Our way of getting an army able to fight the German army is to declare war on Germany just as if we had such an army, and then trust to the appalling resultant peril and disaster to drive us into wholesale enlistment.
There may they dig each other's graves, and call the sad work glory.
Peace is not only better than war, but infinitely more arduous.
Independence I have long considered as the grand blessing of life, the basis of every virtue; and independence I will ever secure by contracting my wants, though I were to live on a barren heath.
Every political good carried to the extreme must be productive of evil.
Man has no right to kill his brother. It is no excuse that he does so in uniform: he only adds the infamy of servitude to the crime of murder.
Change is certain. Peace is followed by disturbances; departure of evil men by their return. Such recurrences should not constitute occasions for sadness but realities for awareness, so that one may be happy in the interim.
The man of virtuous soul commands not, nor obeys.
There may they dig each others graves, and call the sad work glory.
War is the statesmans game, the priests delight,
The Government of the United States has . . . . any and all rights which they choose to enforce in war - to take their lives, their homes, their lands, their everything . . . . war is simply power unrestrained by constitution . . . . To the persistent secessionist, why, death is mercy, and the quicker he or she is disposed of the better . . .
To the petulent and persistent secessionists, why, death is mercy.
We must act with vindictive earnestness against the Sioux, even to their extermination, men, women and children. Nothing less will reach the toot of the cause. [1866, in a letter to Ulysses S. Grant]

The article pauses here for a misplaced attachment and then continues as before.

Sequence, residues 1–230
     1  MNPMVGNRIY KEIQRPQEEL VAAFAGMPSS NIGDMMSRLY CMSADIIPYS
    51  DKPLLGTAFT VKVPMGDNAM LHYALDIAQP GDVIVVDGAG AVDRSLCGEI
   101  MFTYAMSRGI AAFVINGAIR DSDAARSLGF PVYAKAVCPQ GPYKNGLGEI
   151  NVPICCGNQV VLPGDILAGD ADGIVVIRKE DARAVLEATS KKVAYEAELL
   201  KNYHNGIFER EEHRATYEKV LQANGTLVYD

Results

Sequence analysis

During an assault [on an Indian village] the soldiers can not pause to distinguish between male and female, or even discriminate as to age. As long as resistance is made, death must be meted out. [Instructions to the U.S. Army for the war against the Plains Indians, begun three months after Robert E. Lees surrender in the U.S. Civil War]
War is cruelty and you cannot refine it.
War is simply power unrestrained by constitution or compact.
For as there is no happiness without liberty, and no man more a slave than he that is overmastered by vicious passions, there is neither liberty, nor happiness, where there is not virtue.
William E. Simon (1927-2000)
If you would not confront your neighbor and demand his money at the point of a gun to solve every new problem that may appear in your life, you should not allow the government to do it for you.
The fact throughout history is that whenever government dominates the economic affairs of its citizenry, a free society is eroded, then destroyed, and a minority government ensues. Personal liberty without economic liberty is an absolute contradiction; the one cannot exist without the other.
The bureaucrats first objective, of course, is preservation of his job--provided by the big-government system, at the taxpayers expense. . . .Whether real world problems get solved or not is of secondary importance. It doesnt take much cynicism, in fact, to see that the bureaucrats have a vested interest in not having problems solved. If the problems did not exist (or had been invented), there would be no reason for the bureaucrat to have a job.
The aim of military training is not just to prepare men for battle, but to make them long for it.
Being shelled is the main work of an infantry soldier, which no one talks about. Everyone has his own way of going about it. In general, it means lying face down and contracting your body into as small a space as possible.
I am a red man. If the Great Spirit had desired me to be a white man he would have made me so in the first place. He put in your heart certain wishes and plans, in my heart he put other and different desires. Each man is good in his sight. It is not necessary for Eagles to be Crows. We are poor..but we are free. No white man controls our footsteps. If we must die...we die defending our rights.
People of the same trade seldom meet together, even for merriment and diversion, but the conversation ends in a conspiracy against the public, or in some contrivance to raise prices.
Men desire to have some share of the management of public affairs chiefly on account of the importance which it gives them.